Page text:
It’s not often you come across a diplomat who spent the early years of his life as a rock star. “Well, I wasn’t a rock star… and that was the problem really!” quips His Excellency David Pine. “I played in a rock band until I was 27. We put a few albums out and toured Europe, but couldn’t really make a living, so we decided to pursue different paths.”
Rock music’s loss is diplomacy’s gain. Soon after his group disbanded, the future New Zealand High Commissioner enrolled in university to pursue Law and Politics, with a focus in International Relations that sparked his interest in the consular world. “I don’t think I went into diplomacy with clear, well-defined expectations,” he says. “It was a learning experience from the start. I went in with an open mind and figured it out as I went along.”
This ‘winging it’ attitude has come in handy throughout all of Pine’s postings thus far. “I’m sure some diplomats would agree with me when I say that you are constantly learning and that the learning curve on your first posting is probably the steepest of all,” he states matter-of-factly. His own pioneering foray into the international scene was to neighbouring Canberra, a post he believes showcased the close relationship, yet contrasting diplomatic styles of long-time allies New Zealand and Australia.
“As a diplomat, I was actually very excited to go to Canberra, even though all my Australian friends laughed at me!” he says. “There’s not an awful lot that we do as a government that doesn’t involve the Australians one way or another, so you get a good view of what’s important from the other side of the fence.”
“People don’t often think it, but Australia and New Zealand are very different places with different people. Our economies and histories are also quite different,” Pine explains. “The range of interests that Australia has to take into account is a lot broader than that of New Zealand, while our indigenous communities make up a larger proportion of the population in New Zealand. We also aren’t as large as Australia is, so I suppose New Zealanders don’t grow up with illusions about the kind of role we play in the world, and so use our influence in other ways.”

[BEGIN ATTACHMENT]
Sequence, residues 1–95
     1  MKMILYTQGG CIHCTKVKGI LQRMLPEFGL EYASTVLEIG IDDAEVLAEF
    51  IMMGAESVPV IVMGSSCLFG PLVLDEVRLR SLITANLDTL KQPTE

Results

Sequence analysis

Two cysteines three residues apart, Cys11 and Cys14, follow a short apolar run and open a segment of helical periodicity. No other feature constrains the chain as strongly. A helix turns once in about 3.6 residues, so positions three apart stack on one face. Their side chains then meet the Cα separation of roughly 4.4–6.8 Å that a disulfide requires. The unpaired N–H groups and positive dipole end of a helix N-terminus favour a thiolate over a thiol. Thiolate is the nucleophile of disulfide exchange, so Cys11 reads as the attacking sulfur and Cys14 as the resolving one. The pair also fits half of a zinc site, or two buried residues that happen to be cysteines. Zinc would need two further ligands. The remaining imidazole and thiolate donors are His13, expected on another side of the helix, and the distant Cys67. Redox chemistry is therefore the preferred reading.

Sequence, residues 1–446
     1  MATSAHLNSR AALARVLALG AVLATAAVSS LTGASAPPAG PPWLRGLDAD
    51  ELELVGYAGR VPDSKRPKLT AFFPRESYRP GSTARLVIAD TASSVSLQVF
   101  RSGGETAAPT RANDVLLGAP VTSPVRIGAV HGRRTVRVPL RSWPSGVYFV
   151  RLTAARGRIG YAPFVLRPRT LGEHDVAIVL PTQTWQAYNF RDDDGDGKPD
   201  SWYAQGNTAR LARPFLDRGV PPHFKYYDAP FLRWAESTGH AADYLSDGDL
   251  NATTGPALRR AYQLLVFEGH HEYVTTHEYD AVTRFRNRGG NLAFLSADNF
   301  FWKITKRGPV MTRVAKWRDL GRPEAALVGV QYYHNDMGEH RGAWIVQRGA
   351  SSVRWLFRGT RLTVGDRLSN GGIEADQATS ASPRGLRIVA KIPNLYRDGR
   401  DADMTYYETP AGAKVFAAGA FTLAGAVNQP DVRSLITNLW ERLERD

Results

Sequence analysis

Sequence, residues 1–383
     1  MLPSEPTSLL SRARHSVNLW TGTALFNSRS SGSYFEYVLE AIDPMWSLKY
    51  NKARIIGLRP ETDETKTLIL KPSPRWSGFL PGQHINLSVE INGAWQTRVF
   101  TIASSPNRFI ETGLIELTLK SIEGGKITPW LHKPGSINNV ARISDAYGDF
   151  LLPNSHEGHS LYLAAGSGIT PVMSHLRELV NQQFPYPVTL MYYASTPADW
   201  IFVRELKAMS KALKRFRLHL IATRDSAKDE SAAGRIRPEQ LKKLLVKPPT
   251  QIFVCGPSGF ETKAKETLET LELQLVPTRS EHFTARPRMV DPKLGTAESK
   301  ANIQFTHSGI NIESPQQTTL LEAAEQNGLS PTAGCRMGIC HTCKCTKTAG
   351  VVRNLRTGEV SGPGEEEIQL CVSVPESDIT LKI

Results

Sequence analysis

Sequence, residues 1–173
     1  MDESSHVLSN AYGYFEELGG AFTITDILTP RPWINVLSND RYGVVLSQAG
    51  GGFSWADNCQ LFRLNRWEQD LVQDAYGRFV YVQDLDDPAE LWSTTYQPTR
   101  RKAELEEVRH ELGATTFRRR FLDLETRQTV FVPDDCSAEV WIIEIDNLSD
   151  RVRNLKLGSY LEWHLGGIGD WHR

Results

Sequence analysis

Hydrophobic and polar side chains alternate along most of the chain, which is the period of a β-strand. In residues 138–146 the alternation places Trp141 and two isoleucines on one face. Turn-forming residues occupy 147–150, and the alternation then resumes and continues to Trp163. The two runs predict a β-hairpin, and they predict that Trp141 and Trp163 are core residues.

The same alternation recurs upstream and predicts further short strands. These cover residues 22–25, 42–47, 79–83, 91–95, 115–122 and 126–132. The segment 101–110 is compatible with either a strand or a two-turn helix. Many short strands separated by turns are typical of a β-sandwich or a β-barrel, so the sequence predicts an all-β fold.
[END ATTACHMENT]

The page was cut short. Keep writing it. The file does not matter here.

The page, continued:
Similarly, Malaysia’s own history with Pine’s native country invoked another “same same but different” post for the High Commissioner. “We have had a presence here dating back to the days of the (Malayan) Emergency. Besides the Commonwealth linkage, we have also enjoyed education links with Malaysia and still maintain a strong presence here through the wonderful alumni who studied under the Colombo Plan (in the 1950s and ’60s),” he explains. “It does make being a diplomat easy, but there are always things to learn about in a new country. Having to find out how it operates and what makes it tick is always a challenge, but it’s all part and parcel of the job.”
Having been posted to the Philippines and Malaysia, Pine reflects on the differences between the two Asian countries in which he has served. “I was first in Malaysia from 2002 to 2005, then I went to the Philippines before returning to serve as High Commissioner here,” he states. “What I found rather interesting was that the Filipinos are as focused on America, just as they are in Asia. I was surprised when I was asked rather basic questions about Malaysia during my time there; I wondered why, as these two places have been neighbours their whole lives!”
Recounting his time in the region, Pine recalls some of the many interesting experiences that have come his way. “I love that you get to see what your countrymen are up to. It can range from watching a company like BCS work on the baggage handling system in KLIA2 to meeting a nun working with desperately poor children in the Philippines,” he says. “I’m also quite excited that a MÄori carving exhibition, Tuku Iho, will run throughout the upcoming George Town Festival [in Penang in August], and that our New Zealand Week initiatives – highlighting links between New Zealand and Malaysia – will continue into the next year with a focus on food.”
Although his time as High Commissioner comes to an end this year, Pine is optimistic about returning and reuniting with the friends he has made, in what he refers to as his ‘Malaysia My Second Posting’ stint: “It’s only a matter of time before you start popping back in to see your old friends – it’s not the last time I’ll be here that’s for sure. The visa-free agreement between our nations definitely helps!”
Source: The Expat Magazine June 2014
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